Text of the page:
Kvinnors och mäns återhämtning från psykisk ohälsa

Detta är en avhandling från Stockholm : Institutionen för socialt arbete, Stockholms universitet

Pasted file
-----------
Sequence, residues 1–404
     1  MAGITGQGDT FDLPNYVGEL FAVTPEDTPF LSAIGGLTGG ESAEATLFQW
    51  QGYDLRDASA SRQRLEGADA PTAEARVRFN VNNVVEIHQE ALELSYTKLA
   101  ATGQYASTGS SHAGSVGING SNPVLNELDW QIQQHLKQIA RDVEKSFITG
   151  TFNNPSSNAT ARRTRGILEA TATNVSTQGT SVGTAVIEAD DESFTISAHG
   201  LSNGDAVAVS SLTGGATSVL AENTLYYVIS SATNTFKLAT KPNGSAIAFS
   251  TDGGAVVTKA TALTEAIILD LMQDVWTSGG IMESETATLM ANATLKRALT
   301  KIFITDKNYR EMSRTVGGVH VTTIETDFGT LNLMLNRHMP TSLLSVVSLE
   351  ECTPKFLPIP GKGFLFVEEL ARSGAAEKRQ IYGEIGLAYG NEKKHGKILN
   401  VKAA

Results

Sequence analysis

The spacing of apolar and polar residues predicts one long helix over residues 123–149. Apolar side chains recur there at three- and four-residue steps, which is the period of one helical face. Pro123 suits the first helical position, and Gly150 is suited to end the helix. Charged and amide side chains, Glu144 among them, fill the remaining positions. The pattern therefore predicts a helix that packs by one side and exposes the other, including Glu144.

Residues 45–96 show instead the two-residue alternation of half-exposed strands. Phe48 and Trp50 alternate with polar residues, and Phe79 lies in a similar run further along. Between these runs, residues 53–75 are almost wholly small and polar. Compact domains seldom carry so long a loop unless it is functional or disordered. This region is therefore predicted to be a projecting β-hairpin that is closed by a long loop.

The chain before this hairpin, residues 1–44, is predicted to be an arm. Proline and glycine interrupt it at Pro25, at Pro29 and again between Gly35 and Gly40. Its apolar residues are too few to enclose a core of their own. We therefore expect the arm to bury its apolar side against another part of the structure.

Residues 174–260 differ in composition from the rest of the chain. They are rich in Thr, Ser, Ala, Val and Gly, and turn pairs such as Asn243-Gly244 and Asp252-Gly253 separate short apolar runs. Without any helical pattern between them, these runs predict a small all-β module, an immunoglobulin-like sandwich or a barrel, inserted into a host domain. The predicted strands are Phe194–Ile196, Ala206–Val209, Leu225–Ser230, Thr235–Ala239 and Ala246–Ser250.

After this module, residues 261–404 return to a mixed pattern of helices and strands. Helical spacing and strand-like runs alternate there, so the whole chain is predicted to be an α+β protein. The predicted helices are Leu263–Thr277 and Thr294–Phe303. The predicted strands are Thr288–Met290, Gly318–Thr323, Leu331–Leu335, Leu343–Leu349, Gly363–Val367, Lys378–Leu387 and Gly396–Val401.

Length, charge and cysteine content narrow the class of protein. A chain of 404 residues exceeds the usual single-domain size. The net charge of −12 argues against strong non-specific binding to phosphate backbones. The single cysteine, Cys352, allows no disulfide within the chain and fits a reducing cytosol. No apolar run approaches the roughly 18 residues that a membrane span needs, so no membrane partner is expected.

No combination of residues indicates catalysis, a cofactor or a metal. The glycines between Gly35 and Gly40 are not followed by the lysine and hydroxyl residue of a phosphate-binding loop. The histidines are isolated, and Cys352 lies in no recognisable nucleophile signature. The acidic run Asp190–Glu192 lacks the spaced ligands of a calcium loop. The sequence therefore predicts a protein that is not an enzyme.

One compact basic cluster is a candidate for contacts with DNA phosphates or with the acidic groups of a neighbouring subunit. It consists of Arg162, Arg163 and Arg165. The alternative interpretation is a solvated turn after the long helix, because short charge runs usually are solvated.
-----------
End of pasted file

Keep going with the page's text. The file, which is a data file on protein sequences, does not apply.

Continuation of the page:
Sammanfattning: The overall aim with this thesis is to describe and analyze women’s and men’s recovery processes. More specifically, the aim is to determine what women and men with experience of mental illness describe as contributing to the personal recovery process. The point of departure for the studies was 30 in-depth interviews conducted with 15 men and 15 women. The selection of interview subjects was limited to individuals who had been treated in 24-hour psychiatric care and diagnosed as having schizophrenia, psychosis, a personality disorder, or a bipolar disorder. Four studies have been carried.  Study 1 was a baseline article that examined what people in recovery from mental illness outline as facilitating factors to their recovery. The results that emerged from that study indicated areas for further analysis to condense the understanding of the recovery process. In study 2 the similarities and the differences in recovery described by women and men were examined. In Study 3 women’s and men’s meaning-making with reference to severe mental illness facilitate the recovery process were studied. The forth study explored how peer-support contribute to women’s and men’s recovery from mental illness. The results emphasize recovery from mental illness as a social process in which relationships play a key role in creating new identities beside the mental illness. For a majority of the participants meeting peers facilitated the recovery process. The participants described how peer support meant an end to isolation and became an arena for identification, connection, and being important to others. Throughout these recovery processes the impact of gender has been emphasized. The results from this thesis provide new insight into gender as an important factor in understanding the recovery processes. The results from the four studies emphasize the mental patient, the psychiatric interventions and the individual recovery strategies as being influenced by gender constructions.